One of the darkest and most under-reported tragedies of the 20th century gets near-definitive treatment in “Rwanda: History of a Genocide.” At once coolly dispassionate and emotionally overpowering, this engrossing French docu narrates in straightforward fashion events leading up to the April 1994 massacres, then delivers a searing blow-by-blow indictment of the French government for allowing the slaughter to continue unabated; the bitterness and intensity of its charges will leave viewers stunned. Having aired on Gallic television, pic is worthy of more broadcast and festival attention, and could make a superior companion-piece to “Hotel Rwanda.”
From the arresting opening sentence — “Their crime was being born Tutsi” — it’s clear directors Raphael Glucksmann, Pierre Mezerette and David Hazan are intent on building a case. Rather than allow their emotions to flood the screen unchecked, the filmmakers have honed, controlled and carefully directed their horror and outrage in ways both devastating and intellectually constructive.
From the start, “Rwanda” implicates Western imperialism for its role in inflaming and encouraging the massacres, persuasively arguing that what was strictly a class divide between the nation’s Hutu majority and elite Tutsi minority became a racial conflict only after German colonists arrived on the scene in the late 1800s. The narrative sweeps across 100 years of history to the early 1990s, with the Hutus (or “true Rwandans,” as they call themselves) locked in a civil war with the Rwandan Patriotic Front, a paramilitary org of exiled Tutsis attacking from the outside.
Pic’s most impressive achievement is the clarity with which it maps out the frenzied yet disquietingly robotic machinery of the genocide, from the birth of the extremist group Hutu Power to the chilling radio messages, eerily played over placid nighttime shots of the Rwandan capital of Kigali, urging Hutus to kill the “Tutsi cockroaches.” The mass murders of Tutsi and moderate Hutu civilians are rationalized as pre-emptive self-defense against the advancing RPF and its allies — a political statement that, given current world affairs, becomes even more uncomfortably resonant and suggestive.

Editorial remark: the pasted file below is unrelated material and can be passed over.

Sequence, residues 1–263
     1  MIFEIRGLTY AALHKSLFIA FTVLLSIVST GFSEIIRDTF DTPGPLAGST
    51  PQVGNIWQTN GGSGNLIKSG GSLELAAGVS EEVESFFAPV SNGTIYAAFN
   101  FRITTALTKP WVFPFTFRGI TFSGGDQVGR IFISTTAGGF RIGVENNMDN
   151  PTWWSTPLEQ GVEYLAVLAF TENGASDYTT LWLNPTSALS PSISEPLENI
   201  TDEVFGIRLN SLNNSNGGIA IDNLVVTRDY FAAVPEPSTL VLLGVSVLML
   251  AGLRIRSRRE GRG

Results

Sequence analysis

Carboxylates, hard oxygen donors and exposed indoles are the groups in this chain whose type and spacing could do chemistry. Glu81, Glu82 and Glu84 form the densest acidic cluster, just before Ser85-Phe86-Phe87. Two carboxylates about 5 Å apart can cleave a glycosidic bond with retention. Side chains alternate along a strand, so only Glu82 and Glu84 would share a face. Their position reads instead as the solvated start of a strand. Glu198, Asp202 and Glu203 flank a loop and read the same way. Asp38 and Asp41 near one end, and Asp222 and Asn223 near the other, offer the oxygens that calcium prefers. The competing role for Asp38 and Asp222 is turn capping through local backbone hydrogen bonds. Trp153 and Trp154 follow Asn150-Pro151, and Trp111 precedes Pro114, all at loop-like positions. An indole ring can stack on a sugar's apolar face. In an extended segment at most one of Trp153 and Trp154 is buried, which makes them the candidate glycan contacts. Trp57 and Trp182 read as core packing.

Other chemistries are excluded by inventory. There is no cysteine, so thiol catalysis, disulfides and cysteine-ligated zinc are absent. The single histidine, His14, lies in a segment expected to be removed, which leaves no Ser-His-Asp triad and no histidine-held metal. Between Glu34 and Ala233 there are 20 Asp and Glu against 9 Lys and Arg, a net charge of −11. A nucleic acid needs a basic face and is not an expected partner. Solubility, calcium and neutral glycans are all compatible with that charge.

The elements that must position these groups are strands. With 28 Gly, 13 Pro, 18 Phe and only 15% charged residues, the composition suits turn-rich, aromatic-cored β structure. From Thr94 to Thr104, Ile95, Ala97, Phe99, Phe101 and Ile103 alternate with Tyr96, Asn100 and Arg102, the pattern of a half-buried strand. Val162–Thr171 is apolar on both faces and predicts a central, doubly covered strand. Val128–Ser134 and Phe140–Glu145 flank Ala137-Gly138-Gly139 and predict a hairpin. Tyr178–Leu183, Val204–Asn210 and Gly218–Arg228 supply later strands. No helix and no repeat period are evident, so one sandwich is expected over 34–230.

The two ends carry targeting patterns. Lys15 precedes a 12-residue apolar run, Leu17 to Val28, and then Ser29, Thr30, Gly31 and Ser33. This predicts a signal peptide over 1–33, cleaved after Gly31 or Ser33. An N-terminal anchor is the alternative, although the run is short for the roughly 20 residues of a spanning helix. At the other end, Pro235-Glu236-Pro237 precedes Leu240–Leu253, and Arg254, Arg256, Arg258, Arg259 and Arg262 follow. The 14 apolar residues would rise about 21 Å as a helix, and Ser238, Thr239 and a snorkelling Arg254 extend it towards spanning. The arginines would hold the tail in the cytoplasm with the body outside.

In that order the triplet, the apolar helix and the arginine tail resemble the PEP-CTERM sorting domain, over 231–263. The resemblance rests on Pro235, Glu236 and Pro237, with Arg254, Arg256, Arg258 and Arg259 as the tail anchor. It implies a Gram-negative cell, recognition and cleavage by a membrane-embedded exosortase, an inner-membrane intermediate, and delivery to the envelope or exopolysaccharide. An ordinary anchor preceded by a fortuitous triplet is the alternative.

Footage of the actual massacres — of corpses piled by the hundreds on roads, in ditches and, in one surreal shocking image, floating down river — is deployed sparely and brutally effective.
Even when focusing on individual survival stories, moments that could potentially sink into bathos or exploitation, Glucksmann, Mezerette and Hazan seek out deeper, more complex truths. In one segment, they cut between two men — a Tutsi survivor and a Hutu killer, now in prison for war crimes — who found themselves on opposite sides of a tense siege, to vividly stirring and emotionally complicated effect.
If the pic’s second half is somewhat less overpowering, its simmering rage is more concentrated, focusing first on the failure of the U.S. to intervene (having learned its lesson from the 1992 Somali crisis), and then on the political motivations of French President Francois Mitterand, who sent soldiers to Kigali to strengthen Hutu forces and fight the RPF — the one group that, the filmmakers claim, could have ended the genocide if it could have managed to bring down the Hutu regime. The extended attack on Mitterand and the international community for turning a blind eye to the reality of the massacres is carefully documented and almost too disturbing to be believed.
Deftly mixing black-and-white photographs with interviews from French professors and historians, docu’s impressive tech package includes excellent English subtitles. It would be even more effective, however, without the frequent intertitles (i.e. “A French Affair”) that segment the narrative and disrupt momentum.